Funding Appears for Circuit of Wales - MotoGP at Track from 2018

The Circuit of Wales is edging ever closer to becoming a reality. BBC Wales is reporting that UK insurance giant Aviva will be backing the Circuit of Wales project, and providing funds to allow building work on the track near Ebbw Vale in South Wales to start. Construction will take some time, however, and Silverstone will continue to host the British round of MotoGP for the 2016 and 2017 seasons, the race only moving to the Circuit of Wales from 2018 onwards.

The news that Aviva is to provide financial backing for the Circuit of Wales still leaves many questions unanswered. It is not clear from the reports by BBC Wales exactly how much money Aviva will be putting into the track. The circuit needs £300 million in private investment, on top of roughly £30 million in public funding in the form of loans. Whether Aviva will be providing the full £300 million for the Circuit of Wales, or sufficient seed money for building work to start is unclear. 

Senior management at the circuit told BBC Wales that they were close to securing full funding. The project's CEO Martin Whitaker told the BBC that financial negotiations were at a very advanced stage, and they expected to be able to make a full announcement soon. Once those details have been finalized, then a complete timeline for construction of the project would be announced.

Even once funding is in place, the circuit will still face formidable challenges. The provision of public funds for the circuit is certain to come under attack from other tracks in the UK, none of which receive public money. Jonathan Palmer, head of MSV, which owns several UK tracks including Brands Hatch, and the driving force behind the British Superbike championship, has stated publicly that MSV will challenge the provision of public funds to the Circuit of Wales.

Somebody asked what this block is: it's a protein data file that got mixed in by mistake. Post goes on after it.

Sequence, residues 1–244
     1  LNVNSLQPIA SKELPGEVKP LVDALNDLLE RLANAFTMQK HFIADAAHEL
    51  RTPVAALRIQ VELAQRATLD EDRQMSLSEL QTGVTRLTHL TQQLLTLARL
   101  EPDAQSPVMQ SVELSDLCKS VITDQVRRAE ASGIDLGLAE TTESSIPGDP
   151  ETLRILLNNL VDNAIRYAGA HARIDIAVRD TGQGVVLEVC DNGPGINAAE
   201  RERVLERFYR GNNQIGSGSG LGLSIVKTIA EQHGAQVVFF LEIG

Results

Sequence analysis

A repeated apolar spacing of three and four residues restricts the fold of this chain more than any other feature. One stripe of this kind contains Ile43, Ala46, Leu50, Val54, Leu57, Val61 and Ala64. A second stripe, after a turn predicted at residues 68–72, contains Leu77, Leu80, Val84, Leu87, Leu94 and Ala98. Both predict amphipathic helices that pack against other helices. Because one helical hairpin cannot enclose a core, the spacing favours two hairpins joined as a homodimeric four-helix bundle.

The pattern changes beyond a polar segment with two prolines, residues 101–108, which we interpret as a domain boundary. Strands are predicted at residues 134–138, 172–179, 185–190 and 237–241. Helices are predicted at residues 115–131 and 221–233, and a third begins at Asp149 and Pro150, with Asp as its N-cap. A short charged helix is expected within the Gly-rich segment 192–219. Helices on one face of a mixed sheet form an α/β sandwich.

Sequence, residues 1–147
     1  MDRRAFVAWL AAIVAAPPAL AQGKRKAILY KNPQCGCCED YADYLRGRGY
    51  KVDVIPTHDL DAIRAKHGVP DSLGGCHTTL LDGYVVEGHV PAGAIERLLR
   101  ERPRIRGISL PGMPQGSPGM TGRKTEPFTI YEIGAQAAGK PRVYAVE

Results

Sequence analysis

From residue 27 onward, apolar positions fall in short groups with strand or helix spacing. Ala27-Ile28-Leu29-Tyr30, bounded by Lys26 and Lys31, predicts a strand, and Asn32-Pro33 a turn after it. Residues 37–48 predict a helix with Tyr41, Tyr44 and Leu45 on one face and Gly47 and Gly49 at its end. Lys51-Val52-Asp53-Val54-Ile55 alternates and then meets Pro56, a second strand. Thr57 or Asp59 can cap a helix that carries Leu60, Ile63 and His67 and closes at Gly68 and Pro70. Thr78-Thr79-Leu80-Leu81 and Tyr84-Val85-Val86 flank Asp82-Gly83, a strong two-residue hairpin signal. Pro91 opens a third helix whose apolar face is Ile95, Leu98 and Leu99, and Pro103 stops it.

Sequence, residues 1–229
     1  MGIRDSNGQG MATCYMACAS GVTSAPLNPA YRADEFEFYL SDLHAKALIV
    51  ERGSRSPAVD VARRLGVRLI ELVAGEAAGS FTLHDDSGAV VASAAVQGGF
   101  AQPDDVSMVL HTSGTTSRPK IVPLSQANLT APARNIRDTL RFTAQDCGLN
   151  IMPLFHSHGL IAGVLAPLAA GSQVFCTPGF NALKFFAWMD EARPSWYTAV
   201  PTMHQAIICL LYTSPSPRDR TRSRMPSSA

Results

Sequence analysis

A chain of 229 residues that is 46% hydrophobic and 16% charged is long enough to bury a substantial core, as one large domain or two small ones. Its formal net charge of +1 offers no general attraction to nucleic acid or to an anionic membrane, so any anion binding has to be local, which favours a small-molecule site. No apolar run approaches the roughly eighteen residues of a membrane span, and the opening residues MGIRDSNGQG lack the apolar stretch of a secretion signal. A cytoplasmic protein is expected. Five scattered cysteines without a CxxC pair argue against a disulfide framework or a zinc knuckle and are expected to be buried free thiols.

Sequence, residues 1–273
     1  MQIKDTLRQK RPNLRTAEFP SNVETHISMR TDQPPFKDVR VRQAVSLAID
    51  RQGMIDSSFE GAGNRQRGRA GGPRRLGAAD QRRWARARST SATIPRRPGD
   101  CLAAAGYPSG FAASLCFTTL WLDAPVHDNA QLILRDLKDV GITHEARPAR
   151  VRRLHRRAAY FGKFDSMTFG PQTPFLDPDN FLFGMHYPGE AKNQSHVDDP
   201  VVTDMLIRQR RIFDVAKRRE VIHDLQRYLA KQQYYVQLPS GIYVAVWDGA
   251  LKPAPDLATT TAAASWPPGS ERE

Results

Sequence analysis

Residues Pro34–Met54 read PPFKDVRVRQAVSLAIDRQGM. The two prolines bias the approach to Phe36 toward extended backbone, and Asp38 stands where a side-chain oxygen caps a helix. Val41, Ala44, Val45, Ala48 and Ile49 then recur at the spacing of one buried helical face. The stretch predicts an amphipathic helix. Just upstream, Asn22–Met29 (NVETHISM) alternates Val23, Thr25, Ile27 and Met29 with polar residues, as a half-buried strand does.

There are practical problems too. A 600mm high pressure gas line, which supplies a large portion of South Wales, crosses the site, and the environmental plan imposes several severe conditions on dealing with the gas pipeline, demanding that large groups of people are kept more than 195m away from the pipeline, and that building be done with care.

That is the type of detail which will be dealt with during the due diligence phase, in which financial negotiations currently find themselves. According to the BBC Wales story, that phase should be completed soon. Once it is, we shall soon find out just how solid the financial basis for the circuit is.

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Jonathan Palmer is one of the most intelligent men it's ever been my privilege to chat with!
I have little doubt that he will challenge this with every fibre of his being --- and oddly enough I find that rather sad!
We need a good, world class track in the UK.
Donington is a fantastic track --- with the most abysmal facilities I've come across!
Silverstone has fantastic facilities but very little to stir the soul!

We NEED the Circuit of Wales ---
--- and more than that -- we need it to be a success!